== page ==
I recently heard a webinar interview with Marcus Buckingham, author of the book, The One Thing You Need to Know…About Great Managing, Great Leading and Sustained Individual Success.

The book is a good read. If you are fans of Buckingham’s earlier books based on research by the Gallup organization (First Break All the Rules and Now, Discover your Strengths), you’ll find elaboration on themes he has previously addressed.

But this Blog post is NOT intended to be a book review. I wanted to write about a connection I made while listening to the interview… because it jumped out at me.

Buckingham was focusing on the distinction between great managing and great leadership. His position is that “the chief responsibility of a manager is to turn a person’s unique talent into performance”. He holds that great managers recognize that each person has unique talents and motivations and they seek to understand and leverage these unique qualities. Great managers treat each person DIFFERENTLY based on understanding each individual’s personality and motivations.

It struck me between the eyes that this is what has frustrated me about typical discussions on the topic of “managing diversity” for some time.

In Workshops on Diversity, I have often found myself sighing with despair when a participant (particularly a manager) says, “It doesn’t matter whether people are white, brown, green or purple… I treat them all the same”. Such participants will then look around the room with a boastful pride as if to say “look at how enlightened I am!”

For me, to look past “difference” and see this as a noble behaviour leaves me shaking my head. This “we’re all the same” thinking seems far too simplistic. Frankly, it feels like we are missing the whole point. For some people, their “green or purpleness” may well be relevant. To look past cultural context, history, personal story, is to look past what is core for that individual. Where’s the richness?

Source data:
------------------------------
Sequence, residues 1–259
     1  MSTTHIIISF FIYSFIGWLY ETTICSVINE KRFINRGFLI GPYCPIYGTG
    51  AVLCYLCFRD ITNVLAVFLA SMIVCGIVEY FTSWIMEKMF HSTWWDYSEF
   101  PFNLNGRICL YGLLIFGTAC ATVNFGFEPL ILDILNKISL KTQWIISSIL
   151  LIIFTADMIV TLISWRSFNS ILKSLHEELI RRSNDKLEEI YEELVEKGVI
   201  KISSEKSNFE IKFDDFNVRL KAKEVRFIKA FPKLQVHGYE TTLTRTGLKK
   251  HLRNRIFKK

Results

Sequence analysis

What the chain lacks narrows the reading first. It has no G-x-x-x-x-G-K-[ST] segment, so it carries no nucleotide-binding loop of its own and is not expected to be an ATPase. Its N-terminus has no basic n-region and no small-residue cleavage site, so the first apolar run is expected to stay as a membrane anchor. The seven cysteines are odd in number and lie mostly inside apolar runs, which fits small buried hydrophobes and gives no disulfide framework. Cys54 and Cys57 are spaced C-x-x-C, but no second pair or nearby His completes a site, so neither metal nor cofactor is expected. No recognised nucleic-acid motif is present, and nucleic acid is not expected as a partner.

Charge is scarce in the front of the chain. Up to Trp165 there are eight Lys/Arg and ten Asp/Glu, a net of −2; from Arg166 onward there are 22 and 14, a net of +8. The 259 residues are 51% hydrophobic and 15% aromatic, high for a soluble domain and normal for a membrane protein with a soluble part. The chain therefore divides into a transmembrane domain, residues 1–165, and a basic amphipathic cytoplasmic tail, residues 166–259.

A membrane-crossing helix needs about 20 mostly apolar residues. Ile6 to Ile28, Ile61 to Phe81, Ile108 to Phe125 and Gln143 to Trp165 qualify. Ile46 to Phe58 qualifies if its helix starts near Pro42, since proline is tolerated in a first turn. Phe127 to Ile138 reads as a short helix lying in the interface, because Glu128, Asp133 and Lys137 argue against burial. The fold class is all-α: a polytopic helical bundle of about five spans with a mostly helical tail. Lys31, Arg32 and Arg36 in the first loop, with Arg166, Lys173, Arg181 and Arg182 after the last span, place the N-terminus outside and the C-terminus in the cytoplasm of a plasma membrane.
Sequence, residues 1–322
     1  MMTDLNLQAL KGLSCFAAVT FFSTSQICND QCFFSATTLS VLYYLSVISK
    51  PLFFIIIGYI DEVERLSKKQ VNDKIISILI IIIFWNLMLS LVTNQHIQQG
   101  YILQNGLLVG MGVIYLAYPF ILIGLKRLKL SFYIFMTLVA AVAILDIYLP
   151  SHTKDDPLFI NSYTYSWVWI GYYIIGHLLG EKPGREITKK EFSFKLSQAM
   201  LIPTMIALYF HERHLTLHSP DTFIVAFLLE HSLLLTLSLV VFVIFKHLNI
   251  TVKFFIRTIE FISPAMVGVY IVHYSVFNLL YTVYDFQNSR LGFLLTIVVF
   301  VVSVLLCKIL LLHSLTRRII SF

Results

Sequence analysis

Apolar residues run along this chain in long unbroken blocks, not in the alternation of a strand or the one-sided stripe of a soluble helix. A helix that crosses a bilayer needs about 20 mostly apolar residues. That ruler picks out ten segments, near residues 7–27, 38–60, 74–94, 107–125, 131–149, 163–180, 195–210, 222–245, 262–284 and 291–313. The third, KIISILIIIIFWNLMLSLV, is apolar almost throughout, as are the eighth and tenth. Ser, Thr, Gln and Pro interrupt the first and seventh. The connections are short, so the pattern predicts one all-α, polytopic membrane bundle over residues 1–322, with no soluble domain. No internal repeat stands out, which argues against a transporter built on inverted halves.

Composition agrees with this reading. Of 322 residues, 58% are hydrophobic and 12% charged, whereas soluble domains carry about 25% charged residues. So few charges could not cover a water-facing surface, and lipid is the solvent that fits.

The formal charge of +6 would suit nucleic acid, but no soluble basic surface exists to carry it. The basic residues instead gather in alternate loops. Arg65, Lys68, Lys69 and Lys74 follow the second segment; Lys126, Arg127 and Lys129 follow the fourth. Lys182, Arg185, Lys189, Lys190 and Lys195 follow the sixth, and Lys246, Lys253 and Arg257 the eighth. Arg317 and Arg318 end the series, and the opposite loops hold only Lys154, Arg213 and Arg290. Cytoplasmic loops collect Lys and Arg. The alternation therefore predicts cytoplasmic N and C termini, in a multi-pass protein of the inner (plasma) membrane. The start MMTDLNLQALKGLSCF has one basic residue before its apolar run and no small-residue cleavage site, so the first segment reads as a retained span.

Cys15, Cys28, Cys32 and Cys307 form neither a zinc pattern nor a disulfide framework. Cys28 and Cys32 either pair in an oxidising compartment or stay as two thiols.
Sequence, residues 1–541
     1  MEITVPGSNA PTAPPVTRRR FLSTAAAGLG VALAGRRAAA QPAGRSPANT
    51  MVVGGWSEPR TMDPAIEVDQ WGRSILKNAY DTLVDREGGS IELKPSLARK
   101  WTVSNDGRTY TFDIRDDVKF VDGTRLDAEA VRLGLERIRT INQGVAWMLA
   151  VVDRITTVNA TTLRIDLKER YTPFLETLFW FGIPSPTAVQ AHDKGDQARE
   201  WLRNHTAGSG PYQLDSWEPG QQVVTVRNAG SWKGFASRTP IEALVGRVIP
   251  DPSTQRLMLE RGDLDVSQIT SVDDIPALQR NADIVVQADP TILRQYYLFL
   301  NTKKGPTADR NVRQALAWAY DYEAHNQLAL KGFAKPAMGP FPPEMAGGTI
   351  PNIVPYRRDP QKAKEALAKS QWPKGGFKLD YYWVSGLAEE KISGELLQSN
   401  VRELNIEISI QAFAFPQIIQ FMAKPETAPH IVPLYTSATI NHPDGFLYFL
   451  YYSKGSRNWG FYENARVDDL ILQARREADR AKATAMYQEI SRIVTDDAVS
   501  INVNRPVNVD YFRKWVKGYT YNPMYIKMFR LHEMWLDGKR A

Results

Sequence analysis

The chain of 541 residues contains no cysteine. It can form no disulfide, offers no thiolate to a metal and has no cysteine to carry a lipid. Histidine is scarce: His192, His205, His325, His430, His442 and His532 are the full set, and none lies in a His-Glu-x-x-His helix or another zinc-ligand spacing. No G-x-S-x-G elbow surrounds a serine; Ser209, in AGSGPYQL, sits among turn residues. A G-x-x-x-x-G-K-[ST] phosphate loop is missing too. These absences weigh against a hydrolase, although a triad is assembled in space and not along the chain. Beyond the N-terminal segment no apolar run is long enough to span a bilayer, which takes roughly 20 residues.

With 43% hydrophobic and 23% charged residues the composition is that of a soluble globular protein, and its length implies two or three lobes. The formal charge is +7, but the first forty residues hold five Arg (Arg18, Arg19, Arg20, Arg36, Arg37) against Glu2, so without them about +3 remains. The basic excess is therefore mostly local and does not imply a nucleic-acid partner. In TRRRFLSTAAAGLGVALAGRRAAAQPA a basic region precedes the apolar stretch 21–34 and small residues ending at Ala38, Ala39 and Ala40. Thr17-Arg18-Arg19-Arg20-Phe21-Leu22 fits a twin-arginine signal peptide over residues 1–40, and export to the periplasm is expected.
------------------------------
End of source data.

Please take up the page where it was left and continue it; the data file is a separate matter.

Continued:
VALUING diversity, for me, means identifying what is truly unique and respecting those differences as the true gift that they can provide. In corporations, this “gift” has little to do with race, sexual orientation or gender, etc. PER SE. It has everything to do with the value of differences in perspectives, thinking, approaches, ideas, and behaviours. At the same time, I firmly believe that this diversity of perspective is profoundly shaped by our personal experience and cultural upbringing… experiences that are often impacted by what may appear to be little more than superficial, demographic differences of race, gender, etc.

And so, in our efforts to be politically correct and look past the “superficial” differences, we may miss the opportunity to be genuinely curious and to draw on that which is truly unique about each of us.

(I recognize that this is a bit of a rant. It really strikes a chord for me.)

At a certain level, of course, differences DO in fact become immaterial. Marcus Buckingham’s distinction between what makes for Great Management versus Great Leadership is helpful for me. He says that great leaders find what is shared among all members of a group and capitalize on it. In an organization, this means establishing a Vision that appeals to all employees, regardless of race, gender, academic background, level in the organization, right-brain or left-brain dominance and the list goes on. Great leaders tap into what is universal.

This is what great leaders do…connect to the person inside all of us where differences are honoured and yet they become small again or pale in comparison with our shared humanity.

And so the circle goes….

It feels to me that there is something important in these principles, whether we are looking at the great work that some of us are doing with our organizational cultures or whether we are looking at the one-to-one relationships that we are trying to enhance in our everyday lives.

Love to hear your thoughts!